The Roman Catholic idealization of celibacy is a pagan anachronism they retain from their marriage-shunning ancestors – the fornicating priests of ancient Babylon. (Such teachings regarding celibacy are satanic, see 1 Timothy 4:3).
|Rembrandt, Apostle Paul (1635)|
It’s actually not from the Babylonians at all (that’s absurd pseudohistory that no serious scholar believes). Instead, we idealize celibacy because Scripture does. St. Paul, in 1 Corinthians 7, explains that celibacy is the ideal, and a gift from God. First, he writes in 1 Cor. 7:1-2,
Now concerning the things whereof ye wrote unto me: It is good for a man not to touch a woman. Nevertheless, to avoid fornication, let every man have his own wife, and let every woman have her own husband.
But I speak this by permission, and not of commandment. For I would that all men were even as I myself. But every man hath his proper gift of God, one after this manner, and another after that. I say therefore to the unmarried and widows, it is good for them if they abide even as I. But if they cannot contain, let them marry: for it is better to marry than to burn.
For there are some eunuchs, which were so born from their mother’s womb: and there are some eunuchs, which were made eunuchs of men: and there be eunuchs, which have made themselves eunuchs for the kingdom of heaven’s sake. He that is able to receive it, let him receive it.
That is, Jesus just praised those who become like eunuchs (that is, celibate) for the Kingdom of God. That’s exactly what the Latin Rite of the Catholic Church asks of Her priests. And Christ clearly says that he who can receive this instruction should. In other words, not every man is cut out for a life of celibacy, but the one who is should strive for it. You’ll notice that this is the exact same hierarchy St. Paul has.
Much more could be said. For MackQuigly’s theory to be right, the Virgin Mary would have to have married at least three times in a very short period, since James and Judas (both “brothers” of Christ) were sons of different men. As I explained in the original post:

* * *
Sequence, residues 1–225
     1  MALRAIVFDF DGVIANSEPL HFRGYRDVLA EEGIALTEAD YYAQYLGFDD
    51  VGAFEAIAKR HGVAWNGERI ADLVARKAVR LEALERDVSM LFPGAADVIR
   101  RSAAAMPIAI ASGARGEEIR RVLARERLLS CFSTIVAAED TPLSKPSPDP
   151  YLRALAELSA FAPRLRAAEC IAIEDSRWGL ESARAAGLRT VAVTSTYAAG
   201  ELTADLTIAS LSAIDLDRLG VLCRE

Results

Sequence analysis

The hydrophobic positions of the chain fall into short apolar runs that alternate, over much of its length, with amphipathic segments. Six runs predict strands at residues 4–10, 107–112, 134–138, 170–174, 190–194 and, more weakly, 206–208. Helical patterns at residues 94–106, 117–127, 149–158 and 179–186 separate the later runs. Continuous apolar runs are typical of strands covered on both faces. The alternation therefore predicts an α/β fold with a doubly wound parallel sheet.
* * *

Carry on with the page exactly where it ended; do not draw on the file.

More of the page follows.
Albrecht Altdorfer, Christ on the Cross Between Mary and St John (1512)
Obviously, Mary wasn’t previously married (Luke 1:26-27), and St. Joseph is very much alive when Jesus is twelve (Luke 2:41-42). Since Jesus is only about thirty when He starts His public ministry (Luke 3:23), that doesn’t leave a lot of time for Mary to (1) remarry, (2) have another son, (3) have her second husband die, (4) marry a third time, (5) have another son, and (6) have both of these sons grow up to be Apostles. Yet for these to literally be Jesus’ half-brothers, that’s what Protestants are claiming.
As a theory, it’s an outlandish stretch, and there’s not a shred of Biblical evidence suggesting Mary remarried even once. One would assume that if Jesus had two stepdads, one of the Gospels would have mentioned this.
But hopefully, the theory is so self-evidently absurd that I don’t need to pick it apart too much. Instead, I just want to focus in on what I described above: Mary matters because Christ matters. If celibacy is evil and pagan, then Christ is evil and pagan. If you can’t be human and sinless, then Christ wasn’t human (or wasn’t sinless). God the Father is perfect Divinity, and no humanity. The Mother of God is perfect humanity, and no Divinity. God the Son is perfect Divinity and perfect Humanity, fully God, and fully Man, the Son of God, and the Son of Man. That’s why understanding Mary matters.